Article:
matt damon, jason bourne, image

Matt Damon talks returning to the role of Jason Bourne

"Why would he come back now?”

So asks Tommy Lee Jones’ stern CIA chief about the surprise return of Jason Bourne, the tough-as-nails rogue field agent played by Matt Damon. After three films where the fugitive agent couldn’t be intercepted, followed by a decade spent off the grid (and movie screens), he’s back for the aptly titled Jason Bourne.

Why would he come back now? Damon, director Paul Greengrass, Universal Studios and a huge fanbase simply wanted to see Bourne born again.

Before Damon played Jason Bourne in director Doug Liman’s 2002 franchise kickoff The Bourne Identity, his career largely consisted of sensitive dramatic parts or supporting comic roles. Few of them showcased the Oscar-winning skills he displayed as co-writer and star of 1997’s Good Will Hunting.

Transforming into an elite fighting machine showed Damon could be a master of intense action sequences too. He has described the character as a sort of ninja ordinary Joe — a poker-faced good guy who kills people when necessary but keeps a sense of decency about him.

“It appealed to me on an intuitive level because it wasn’t like anything I had done before,” Damon says over the phone from Los Angeles. “I’ve played some villains in my time but I think I get cast as an "Every man" a lot. Those guys tend to be the protagonist.”

Damon was already quite familiar with author Robert Ludlum’s bestselling thrillers when the project came up.

“I’d been a fan of the books when I was a kid and Doug Liman just came to me with the idea. At the time he said, ‘Look, I don’t relate to James Bond and I think there’s a real vacuum there. There’s room for a character for our generation. Kind of a spy for our generation.’ Then I read the script and I loved it. And really that was that,” he says.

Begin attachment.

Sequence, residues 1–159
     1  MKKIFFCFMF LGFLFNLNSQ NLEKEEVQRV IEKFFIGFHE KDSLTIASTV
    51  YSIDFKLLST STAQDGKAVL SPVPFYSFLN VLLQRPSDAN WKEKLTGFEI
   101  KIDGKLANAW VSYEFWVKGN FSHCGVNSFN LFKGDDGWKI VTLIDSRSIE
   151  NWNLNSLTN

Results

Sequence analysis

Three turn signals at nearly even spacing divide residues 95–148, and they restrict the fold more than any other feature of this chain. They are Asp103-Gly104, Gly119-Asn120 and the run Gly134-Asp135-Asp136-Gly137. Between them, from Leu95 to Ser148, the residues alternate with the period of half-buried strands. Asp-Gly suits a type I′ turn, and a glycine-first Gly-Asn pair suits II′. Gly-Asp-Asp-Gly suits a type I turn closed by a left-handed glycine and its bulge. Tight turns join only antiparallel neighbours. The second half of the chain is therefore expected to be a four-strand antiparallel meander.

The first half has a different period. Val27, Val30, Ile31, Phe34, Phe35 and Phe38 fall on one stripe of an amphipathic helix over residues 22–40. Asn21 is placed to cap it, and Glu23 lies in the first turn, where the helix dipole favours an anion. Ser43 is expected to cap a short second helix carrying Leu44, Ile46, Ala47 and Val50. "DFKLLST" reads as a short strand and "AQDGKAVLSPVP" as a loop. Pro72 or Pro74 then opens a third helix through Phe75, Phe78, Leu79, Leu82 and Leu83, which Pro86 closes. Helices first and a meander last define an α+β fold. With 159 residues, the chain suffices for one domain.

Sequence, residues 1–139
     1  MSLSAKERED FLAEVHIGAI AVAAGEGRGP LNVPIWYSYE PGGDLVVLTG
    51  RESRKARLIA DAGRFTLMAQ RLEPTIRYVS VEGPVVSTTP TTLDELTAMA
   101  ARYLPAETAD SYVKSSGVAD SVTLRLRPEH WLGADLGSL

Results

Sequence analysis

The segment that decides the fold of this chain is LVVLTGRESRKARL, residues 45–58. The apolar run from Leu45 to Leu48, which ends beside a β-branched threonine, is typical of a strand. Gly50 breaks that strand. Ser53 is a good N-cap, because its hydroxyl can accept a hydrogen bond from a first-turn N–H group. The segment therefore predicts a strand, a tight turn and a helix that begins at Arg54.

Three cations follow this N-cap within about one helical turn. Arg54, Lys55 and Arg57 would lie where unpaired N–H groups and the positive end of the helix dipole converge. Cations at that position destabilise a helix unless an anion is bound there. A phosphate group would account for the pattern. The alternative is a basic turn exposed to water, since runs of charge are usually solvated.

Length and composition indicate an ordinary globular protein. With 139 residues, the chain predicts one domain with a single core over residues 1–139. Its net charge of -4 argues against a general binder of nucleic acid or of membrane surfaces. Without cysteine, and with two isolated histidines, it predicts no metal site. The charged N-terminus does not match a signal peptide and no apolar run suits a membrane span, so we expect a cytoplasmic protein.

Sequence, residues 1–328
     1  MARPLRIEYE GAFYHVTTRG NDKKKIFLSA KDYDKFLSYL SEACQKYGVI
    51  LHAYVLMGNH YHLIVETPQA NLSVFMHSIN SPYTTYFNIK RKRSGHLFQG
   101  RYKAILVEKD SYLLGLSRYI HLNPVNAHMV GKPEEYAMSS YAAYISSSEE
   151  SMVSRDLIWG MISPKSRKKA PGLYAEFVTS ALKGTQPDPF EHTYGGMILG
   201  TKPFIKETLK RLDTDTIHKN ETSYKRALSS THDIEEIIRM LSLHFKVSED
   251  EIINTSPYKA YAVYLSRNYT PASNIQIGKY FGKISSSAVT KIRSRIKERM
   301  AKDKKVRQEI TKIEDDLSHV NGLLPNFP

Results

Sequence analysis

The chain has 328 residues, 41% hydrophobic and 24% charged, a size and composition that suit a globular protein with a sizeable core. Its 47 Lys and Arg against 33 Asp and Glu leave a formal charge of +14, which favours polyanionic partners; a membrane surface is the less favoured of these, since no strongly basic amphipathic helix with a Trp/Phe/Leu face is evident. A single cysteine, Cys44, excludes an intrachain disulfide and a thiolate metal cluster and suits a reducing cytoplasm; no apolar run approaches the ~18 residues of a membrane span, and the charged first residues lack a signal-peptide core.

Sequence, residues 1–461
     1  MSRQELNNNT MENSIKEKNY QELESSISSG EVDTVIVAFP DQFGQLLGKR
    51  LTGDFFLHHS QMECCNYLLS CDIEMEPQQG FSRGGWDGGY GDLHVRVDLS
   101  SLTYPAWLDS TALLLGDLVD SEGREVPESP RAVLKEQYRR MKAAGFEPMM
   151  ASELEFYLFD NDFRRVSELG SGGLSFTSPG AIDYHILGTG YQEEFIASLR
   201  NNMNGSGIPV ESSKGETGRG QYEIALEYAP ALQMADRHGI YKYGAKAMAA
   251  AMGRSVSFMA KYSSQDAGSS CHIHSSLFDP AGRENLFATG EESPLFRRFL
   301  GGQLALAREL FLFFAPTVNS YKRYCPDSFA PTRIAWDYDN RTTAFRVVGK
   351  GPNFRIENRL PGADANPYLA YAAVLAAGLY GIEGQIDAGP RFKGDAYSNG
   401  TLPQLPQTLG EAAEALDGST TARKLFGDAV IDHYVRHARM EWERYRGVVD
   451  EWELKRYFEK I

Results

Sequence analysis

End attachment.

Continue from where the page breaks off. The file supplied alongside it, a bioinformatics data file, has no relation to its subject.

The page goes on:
The original Bourne trilogy introduced a gritty look and feel that lifted the genre from pure escapism to unprecedented heights of tension. Bourne films were Bond films really, really taking themselves seriously. Battling amnesia from the brainwashing that made him an international assassin, Bourne was like James Bond if he hated being 007, and M was the villain.

Without fancy gadgets from Q, Bourne improvised his deadly weapons from everyday materials, destroying enemies with hardcover books, ballpoint pens, lamp cords and bathroom towels.

The role boosted Damon’s appeal hugely, and globally, and he happily returned for two sequels, 2004’s The Bourne Supremacy and then 2007’s The Bourne Ultimatum.

The stories were a natural fit for Damon, one of Hollywood’s most outspoken liberals, because aside from being action movies they tapped into the fears we have about the spy industry infringing on our civil liberties. A deceitful guy wearing a tie and sitting behind a desk is the agent’s greatest threat.